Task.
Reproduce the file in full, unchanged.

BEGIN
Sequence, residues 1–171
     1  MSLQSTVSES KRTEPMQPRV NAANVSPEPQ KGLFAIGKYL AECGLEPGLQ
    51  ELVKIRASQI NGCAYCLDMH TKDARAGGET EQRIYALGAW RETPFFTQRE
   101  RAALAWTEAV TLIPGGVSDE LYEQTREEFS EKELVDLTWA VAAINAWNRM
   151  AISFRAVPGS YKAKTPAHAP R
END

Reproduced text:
Sequence, residues 1–171
     1  MSLQSTVSES KRTEPMQPRV NAANVSPEPQ KGLFAIGKYL AECGLEPGLQ
    51  ELVKIRASQI NGCAYCLDMH TKDARAGGET EQRIYALGAW RETPFFTQRE
   101  RAALAWTEAV TLIPGGVSDE LYEQTREEFS EKELVDLTWA VAAINAWNRM
   151  AISFRAVPGS YKAKTPAHAP R